On This Day…March 18th
Wing Commander Douglas Bader receives some help dismounting from his personal Mk V Spitfire ‘Lord Lloyd 1’. Photo taken on March 18th, 1941 after Bader returned to Tangmere, England, following an offensive sweep into Northern France.
USS Langley (CV-1) at anchor off Culebra island, Puerto Rico on the 18th March, 1926.
The ‘Akikaze Atrocity’ – March 18th, 1943.
Even though Nazi Germany and Japan shared a military allegiance there was no recognition of German civilians in Japanese territories. Instead, missionaries came under the jurisdiction of the ‘minsei-bu’ (Japanese bureaucracy) as neutral ‘inhabitors’.
Soon after the Japanese occupied Wewak, they rounded up the local missionaries and transported them to Saint John’s Catholic mission on Kairiru. At first the civilians were free to move about the island, but the situation soon changed.
On 18 March the Japanese destroyer Akikaze, commanded by Lt. Cdr. Sabe Tsurukichi, was ordered to remove a number of European and Malay nationals off some of the New Guineas islands in the Bismarck Sea.
The ship evacuated the Roman Catholic mission from Kairiru Island, including Bishop Joseph Loerks and 38 missionaries, mostly German nationals, amongst them 18 nuns. The vessel then picked up 20 others from Manus Island, again mostly Germans, including six missionaries. Accounts vary but there was at least one, possibly three, young children amongst the group of almost 60 people detained. They were told that they were to be carried to internment in Rabaul.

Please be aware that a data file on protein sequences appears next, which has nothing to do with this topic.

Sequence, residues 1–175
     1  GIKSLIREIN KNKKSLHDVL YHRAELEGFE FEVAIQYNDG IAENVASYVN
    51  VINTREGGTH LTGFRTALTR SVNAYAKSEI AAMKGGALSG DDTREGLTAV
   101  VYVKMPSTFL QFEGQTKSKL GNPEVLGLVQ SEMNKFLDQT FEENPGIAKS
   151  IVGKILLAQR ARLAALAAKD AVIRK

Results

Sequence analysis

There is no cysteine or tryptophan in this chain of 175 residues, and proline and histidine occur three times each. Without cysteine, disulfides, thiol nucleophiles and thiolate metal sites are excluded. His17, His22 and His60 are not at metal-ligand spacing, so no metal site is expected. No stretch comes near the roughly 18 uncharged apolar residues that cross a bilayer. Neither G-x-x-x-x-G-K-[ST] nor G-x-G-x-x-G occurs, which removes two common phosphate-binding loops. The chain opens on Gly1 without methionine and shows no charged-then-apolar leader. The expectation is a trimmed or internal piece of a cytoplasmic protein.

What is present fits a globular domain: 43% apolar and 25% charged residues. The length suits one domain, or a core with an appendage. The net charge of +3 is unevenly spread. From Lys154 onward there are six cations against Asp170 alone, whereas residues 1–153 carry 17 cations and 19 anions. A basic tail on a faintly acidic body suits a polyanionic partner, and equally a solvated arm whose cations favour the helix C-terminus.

Several hundred missionaries were already interned at Vunapope, the largest Catholic mission in the territory. But on arriving at the Island, a new order was delivered to the Captain of the Akikaze. With “a pale, somber expression”, Sabe gathered his officers and informed them that Eighth Fleet Headquarters had issued orders “to dispose of all neutral civilians on board.”
Apparently, the orders were based on ‘intelligence’ suggesting some of the priests were radioing information regarding Japanese positions. When the Akikaze put in at shore none of the detainees were on board, all having been executed, a fact established at the War Crimes hearing held in Australia after the war.
The Akikaze was sunk with all hands by torpedoes from the submarine USS Pintado on 3rd November 1944, which may account for the difficulty in pursuing the investigation.
Pintado (SS-387) on display in the rear court yard of the National Museum of the Pacific War, located at the intersection of Main Street and Washington Street, in Fredericksburg, Texas.
B5N Type 97 torpedo bomber (‘Kate’) landing on Japanese carrier Shokaku, ‘somewhere in the South Pacific’, 18 Mar 1943.
US battleship Iowa (BB-61) off Hunter’s Point Naval Shipyard, San Francisco Bay, California, on 18th March, 1945. Note that the rounded areas of the bridge have been squared off.
F6F Hellcats of Fighting Squadron VF-45 aboard Independence-class carrier USS San Jacinto (CVL-30) off Kyushu, Japan, 18th March, 1945.
Frankly, beautiful picture taken in March, 1945 over Saipan.
The P-51D 44-63423 ‘Squirt’ (of the 47th Fighter Sq, 15th Fighter Group) was flown by Group commander Col James O. Beckwith. It was destroyed in late April 1945 when it was caught in the path of a crash-landing B-29 on Iwo Jima. The plane’s name was borrowed from Beckwith’s baby daughter. Still trying to find any data on the P47 and P38.
There has been some opinion that this formation was three Group Captains on their way to a planning meeting. Apparently they’d get their bird shone up and made spic and span to show off to the other brass. An example of this seen below (Bottisham, England, 1944).
…and thus, street drag racing was born…